Rampant population growth threatens our economy and quality of life. I'm not talking just about the obvious problems that we see in the news - growing dependence on foreign oil, carbon emissions, soaring commodity prices, environmental degradation, etc. I'm talking about the effect upon rising unemployment and poverty in America.

    I should introduce myself. I am the author of a book titled "Five Short Blasts: A New Economic Theory Exposes The Fatal Flaw in Globalization and Its Consequences for America." To make a long story short, my theory is that, as population density rises beyond some optimum level, per capita consumption of products begins to decline out of the need to conserve space. People who live in crowded conditions simply don’t have enough space to use and store many products. This declining per capita consumption, in the face of rising productivity (per capita output, which always rises), inevitably yields rising unemployment and poverty.

    This theory has huge implications for U.S. policy toward population management. Our policies that encourage high rates of population growth are rooted in the belief of economists that population growth is a good thing, fueling economic growth. Through most of human history, the interests of the common good and business (corporations) were both well-served by continuing population growth. For the common good, we needed more workers to man our factories, producing the goods needed for a high standard of living. This population growth translated into sales volume growth for corporations. Both were happy.

    But, once an optimum population density is breached, their interests diverge. It is in the best interest of the common good to stabilize the population, avoiding an erosion of our quality of life through high unemployment and poverty. However, it is still in the interest of corporations to fuel population growth because, even though per capita consumption goes into decline, total consumption still increases. We now find ourselves in the position of having corporations and economists influencing public policy in a direction that is not in the best interest of the common good.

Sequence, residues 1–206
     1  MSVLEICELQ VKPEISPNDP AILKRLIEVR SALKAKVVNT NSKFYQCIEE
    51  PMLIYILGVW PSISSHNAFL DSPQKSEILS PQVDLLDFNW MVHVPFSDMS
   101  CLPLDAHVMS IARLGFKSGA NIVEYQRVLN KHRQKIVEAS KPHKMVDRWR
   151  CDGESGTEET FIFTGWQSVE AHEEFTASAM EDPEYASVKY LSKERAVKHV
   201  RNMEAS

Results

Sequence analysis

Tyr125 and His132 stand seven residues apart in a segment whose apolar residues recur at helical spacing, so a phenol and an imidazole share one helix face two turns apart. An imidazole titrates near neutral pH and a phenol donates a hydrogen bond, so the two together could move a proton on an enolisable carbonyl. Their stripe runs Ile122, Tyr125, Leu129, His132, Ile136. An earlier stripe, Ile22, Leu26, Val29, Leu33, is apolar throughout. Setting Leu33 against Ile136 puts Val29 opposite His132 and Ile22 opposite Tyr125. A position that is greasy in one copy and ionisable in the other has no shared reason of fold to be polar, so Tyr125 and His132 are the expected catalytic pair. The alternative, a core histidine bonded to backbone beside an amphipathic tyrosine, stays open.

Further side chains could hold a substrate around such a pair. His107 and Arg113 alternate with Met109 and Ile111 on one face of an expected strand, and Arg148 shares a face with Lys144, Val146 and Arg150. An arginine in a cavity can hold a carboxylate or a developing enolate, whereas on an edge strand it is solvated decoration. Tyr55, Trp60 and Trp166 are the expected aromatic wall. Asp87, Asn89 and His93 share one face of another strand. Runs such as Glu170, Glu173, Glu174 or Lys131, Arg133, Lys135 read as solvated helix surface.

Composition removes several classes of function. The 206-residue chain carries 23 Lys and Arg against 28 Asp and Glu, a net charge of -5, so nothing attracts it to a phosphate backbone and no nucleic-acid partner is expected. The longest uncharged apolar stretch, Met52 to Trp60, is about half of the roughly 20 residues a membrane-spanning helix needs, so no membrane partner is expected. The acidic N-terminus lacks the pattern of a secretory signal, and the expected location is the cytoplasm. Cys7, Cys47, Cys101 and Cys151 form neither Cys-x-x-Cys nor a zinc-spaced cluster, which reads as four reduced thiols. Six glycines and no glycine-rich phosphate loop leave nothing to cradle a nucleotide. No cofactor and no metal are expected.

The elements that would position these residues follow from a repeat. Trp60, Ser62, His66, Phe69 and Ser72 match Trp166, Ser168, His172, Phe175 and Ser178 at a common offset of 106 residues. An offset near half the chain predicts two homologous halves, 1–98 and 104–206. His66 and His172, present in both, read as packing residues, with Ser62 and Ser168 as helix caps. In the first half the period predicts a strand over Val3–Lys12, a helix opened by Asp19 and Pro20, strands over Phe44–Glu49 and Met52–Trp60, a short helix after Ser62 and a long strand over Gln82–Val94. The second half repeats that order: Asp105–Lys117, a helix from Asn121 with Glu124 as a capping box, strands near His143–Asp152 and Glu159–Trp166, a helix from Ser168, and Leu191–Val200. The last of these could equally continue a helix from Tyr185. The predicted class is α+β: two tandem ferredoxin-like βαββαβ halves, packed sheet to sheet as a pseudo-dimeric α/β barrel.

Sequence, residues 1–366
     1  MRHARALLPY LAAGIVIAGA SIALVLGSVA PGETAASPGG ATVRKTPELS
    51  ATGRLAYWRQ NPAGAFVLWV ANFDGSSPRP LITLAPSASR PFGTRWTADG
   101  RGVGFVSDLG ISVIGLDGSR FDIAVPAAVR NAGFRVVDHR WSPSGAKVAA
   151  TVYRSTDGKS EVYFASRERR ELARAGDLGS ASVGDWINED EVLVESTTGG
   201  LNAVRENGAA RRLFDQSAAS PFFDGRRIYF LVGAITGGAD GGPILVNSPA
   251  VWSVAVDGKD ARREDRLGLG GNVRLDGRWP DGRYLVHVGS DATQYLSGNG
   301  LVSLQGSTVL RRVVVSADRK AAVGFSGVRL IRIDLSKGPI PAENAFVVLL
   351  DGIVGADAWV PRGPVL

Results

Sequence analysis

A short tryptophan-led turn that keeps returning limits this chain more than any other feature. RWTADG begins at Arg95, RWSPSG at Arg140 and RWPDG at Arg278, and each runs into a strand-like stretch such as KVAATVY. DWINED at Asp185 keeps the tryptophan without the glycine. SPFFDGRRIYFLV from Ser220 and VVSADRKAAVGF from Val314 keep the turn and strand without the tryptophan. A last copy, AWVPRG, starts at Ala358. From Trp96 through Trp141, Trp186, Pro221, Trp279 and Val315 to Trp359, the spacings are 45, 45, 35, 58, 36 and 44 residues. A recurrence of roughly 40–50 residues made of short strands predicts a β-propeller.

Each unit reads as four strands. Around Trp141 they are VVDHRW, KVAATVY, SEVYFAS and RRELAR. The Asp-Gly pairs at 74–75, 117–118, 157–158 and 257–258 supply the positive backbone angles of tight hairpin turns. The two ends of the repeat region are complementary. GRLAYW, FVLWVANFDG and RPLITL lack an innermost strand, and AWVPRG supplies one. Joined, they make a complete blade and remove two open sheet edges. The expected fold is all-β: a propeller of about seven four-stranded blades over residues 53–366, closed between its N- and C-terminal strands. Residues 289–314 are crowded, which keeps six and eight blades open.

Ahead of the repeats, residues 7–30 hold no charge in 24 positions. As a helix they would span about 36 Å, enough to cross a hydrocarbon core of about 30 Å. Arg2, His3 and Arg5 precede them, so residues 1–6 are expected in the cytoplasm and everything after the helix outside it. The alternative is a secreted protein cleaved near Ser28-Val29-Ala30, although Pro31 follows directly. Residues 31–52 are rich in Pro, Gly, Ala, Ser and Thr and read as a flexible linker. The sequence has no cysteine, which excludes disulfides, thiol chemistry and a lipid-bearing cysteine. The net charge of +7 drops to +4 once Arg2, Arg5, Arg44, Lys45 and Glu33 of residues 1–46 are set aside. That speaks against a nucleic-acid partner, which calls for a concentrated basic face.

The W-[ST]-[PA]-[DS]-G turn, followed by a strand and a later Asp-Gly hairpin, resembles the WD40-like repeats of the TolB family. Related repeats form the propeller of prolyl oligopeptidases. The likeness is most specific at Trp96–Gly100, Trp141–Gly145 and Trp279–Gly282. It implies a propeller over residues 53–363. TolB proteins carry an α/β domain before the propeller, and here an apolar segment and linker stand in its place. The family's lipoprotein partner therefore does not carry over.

The U.N. ranks the U.S. with eight other countries - India, Pakistan, Nigeria, Democratic Republic of Congo, Bangladesh, Uganda, Ethiopia and China - as accounting for fully half of the world’s population growth by 2050. The U.S. is the only developed country still experiencing third world-like population growth.

    If you’re interested in learning more about this important new economic theory, I invite you to visit my web site at where you can read the preface, join in my blog discussion and, of course, purchase the book if you like. (It's also available at

    Please forgive the somewhat spammish nature of the previous paragraph. I just don't know how else to inject this new perspective into the overpopulation debate without drawing attention to the book that explains the theory.

    Pete Murphy
    Author, "Five Short Blasts"

  3. pete - funny meeting you here!